Mad as Hell, by David Bax
Anger can be a pretty powerful motivator and there are more than enough reasons to be angry in this world at any given time. Unfortunately, as evidenced by Jeff Prosserman’s new documentary, Chasing Madoff, ire alone is not reason enough to make a movie. While last year saw Inside Job, a very angry documentary indeed, put its rage to vigorously intelligent and focused good use, Prosserman seems to have very little of substance to say apart from the fact that he’s mad.
Chasing Madoff is about the people who spent a decade trying to convince whoever would listen that respected investment advisor Bernard Madoff was a criminal who was engineering a massive Ponzi scheme. These are intelligent, dedicated, good-hearted people who, frankly, deserve to have a movie made about them. Regrettably, Prosserman makes the bewildering decision to portray these guys as if they’re Eliot Ness and the Untouchables. If the film weren’t so thoroughly adolescent and juvenile, you could be forgiven for thinking he’s mocking them.
Also not doing the film’s subjects any favor is the inclusion of hard-boiled reenactments in which they play themselves. The kind of people who willingly, even enthusiastically, spend their lives crunching numbers and poring over paperwork are not likely to be predisposed to acting. That’s not by any means something they should apologize for, though. It’s Prosserman who should apologize for including these embarrassing and wholly unnecessary segments.
The lead of the film, as it were, and the one who suffers through the most of these hollow flourishes, is Harry Markopolos. It was he who’d been trying the longest to reveal Madoff and he is a fascinating man in his own right. One of the most compelling, if intriguingly puzzling, aspects of Markopolos is his utter conviction that there are people who will try to kill him for what he knows. The movie offers nothing at all in support of this hypothesis but it takes no steps toward questioning it either. It is simply presented as if it were true and the lack of awareness of its preposterousness leaves the audience dumbfounded. A better documentarian, such as Errol Morris, might have realized what a tantalizing subject he had and perhaps given over some of the running time to a character study.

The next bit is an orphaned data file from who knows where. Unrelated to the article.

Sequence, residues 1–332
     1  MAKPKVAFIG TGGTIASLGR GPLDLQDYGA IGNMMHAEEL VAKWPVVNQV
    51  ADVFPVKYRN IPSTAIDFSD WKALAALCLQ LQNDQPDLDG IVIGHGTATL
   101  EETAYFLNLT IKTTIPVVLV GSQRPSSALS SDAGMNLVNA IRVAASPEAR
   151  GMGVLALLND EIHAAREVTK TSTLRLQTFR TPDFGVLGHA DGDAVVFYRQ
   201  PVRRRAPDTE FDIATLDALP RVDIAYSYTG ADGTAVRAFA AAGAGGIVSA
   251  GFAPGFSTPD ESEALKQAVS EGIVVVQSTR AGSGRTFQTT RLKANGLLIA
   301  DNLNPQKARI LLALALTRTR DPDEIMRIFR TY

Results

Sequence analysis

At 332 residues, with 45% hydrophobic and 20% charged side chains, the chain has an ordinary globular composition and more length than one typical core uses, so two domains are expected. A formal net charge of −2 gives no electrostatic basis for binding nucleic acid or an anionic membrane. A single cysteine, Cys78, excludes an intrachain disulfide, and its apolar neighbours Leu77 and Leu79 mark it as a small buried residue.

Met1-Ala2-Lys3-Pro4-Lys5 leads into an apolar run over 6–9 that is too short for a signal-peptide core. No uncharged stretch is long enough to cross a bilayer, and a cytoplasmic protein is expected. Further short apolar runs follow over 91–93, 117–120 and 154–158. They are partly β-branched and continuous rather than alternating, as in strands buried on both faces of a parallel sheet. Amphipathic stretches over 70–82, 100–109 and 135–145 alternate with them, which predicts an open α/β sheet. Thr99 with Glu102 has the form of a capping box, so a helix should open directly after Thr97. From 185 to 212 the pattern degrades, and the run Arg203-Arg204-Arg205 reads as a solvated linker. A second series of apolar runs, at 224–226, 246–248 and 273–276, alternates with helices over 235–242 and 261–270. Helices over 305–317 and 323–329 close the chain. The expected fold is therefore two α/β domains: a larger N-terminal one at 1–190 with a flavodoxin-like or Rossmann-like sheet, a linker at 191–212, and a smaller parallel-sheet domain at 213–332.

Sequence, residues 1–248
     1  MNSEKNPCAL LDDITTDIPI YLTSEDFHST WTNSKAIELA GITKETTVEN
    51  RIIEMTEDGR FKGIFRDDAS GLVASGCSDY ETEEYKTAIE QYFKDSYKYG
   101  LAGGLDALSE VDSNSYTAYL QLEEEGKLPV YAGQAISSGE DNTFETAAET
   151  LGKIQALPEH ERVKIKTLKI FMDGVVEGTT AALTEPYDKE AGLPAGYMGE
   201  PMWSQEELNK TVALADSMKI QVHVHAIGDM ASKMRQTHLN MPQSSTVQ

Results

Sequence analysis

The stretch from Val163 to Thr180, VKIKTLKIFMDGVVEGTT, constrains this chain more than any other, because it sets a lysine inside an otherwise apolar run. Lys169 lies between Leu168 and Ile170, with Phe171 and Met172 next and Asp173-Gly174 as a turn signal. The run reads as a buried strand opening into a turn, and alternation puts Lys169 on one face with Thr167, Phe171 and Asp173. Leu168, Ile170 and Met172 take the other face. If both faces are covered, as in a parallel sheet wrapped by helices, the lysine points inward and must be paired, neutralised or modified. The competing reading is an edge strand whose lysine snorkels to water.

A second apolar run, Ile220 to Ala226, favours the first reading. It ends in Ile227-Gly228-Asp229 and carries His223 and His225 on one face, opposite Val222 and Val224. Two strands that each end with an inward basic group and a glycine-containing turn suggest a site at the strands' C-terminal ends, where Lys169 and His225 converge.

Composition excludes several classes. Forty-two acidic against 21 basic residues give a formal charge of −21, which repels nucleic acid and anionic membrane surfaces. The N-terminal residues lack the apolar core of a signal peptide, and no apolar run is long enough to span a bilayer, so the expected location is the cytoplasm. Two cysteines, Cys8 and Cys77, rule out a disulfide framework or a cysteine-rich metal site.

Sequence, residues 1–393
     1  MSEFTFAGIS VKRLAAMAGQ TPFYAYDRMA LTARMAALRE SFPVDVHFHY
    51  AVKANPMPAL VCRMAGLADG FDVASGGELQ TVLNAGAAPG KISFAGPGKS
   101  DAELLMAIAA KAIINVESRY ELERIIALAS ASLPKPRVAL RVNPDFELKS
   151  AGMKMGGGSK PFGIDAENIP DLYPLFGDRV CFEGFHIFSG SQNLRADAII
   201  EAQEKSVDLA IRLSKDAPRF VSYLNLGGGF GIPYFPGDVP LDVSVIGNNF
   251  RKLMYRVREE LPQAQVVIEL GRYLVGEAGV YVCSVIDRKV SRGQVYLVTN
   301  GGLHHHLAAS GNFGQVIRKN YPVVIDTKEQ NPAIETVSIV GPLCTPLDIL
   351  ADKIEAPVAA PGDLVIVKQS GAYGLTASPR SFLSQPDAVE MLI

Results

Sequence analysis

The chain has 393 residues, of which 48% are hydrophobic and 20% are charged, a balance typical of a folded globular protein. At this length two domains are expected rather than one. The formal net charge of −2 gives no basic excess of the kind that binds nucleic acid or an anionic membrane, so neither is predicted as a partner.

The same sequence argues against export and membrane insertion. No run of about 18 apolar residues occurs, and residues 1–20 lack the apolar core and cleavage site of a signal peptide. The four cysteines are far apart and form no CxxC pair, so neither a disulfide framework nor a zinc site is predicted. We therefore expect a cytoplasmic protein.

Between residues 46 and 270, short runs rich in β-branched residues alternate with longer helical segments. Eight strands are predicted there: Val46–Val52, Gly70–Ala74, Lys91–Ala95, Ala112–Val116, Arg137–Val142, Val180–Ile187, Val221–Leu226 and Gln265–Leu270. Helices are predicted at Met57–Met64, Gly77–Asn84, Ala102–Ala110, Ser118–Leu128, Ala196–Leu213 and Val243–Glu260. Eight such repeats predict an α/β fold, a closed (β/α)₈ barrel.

Prosserman, though, isn’t making a character study. For the most part, in fact, it’s entirely unclear what kind of movie he’s making. The film haphazardly picks up and then abandons narrative threads throughout. Early on, it takes the unexpected and engaging tack of detailing how, awful as Madoff was, perhaps our fury should really be directed at the Securities and Exchange Commission. This agency that is supposed to enforce federal securities laws was repeatedly presented with compelling and damning evidence of Madoff’s crimes and did precisely nothing every time. Frustratingly, this chapter of the story is over nearly as soon as it starts.
It seems that Jeff Prosserman leaped into the production of his film without knowing what it was about or what inspired the anger that inspired him. There is more than one great documentary to be found among the elements of Chasing Madoff. It’s too bad the filmmaker didn’t recognize any of them.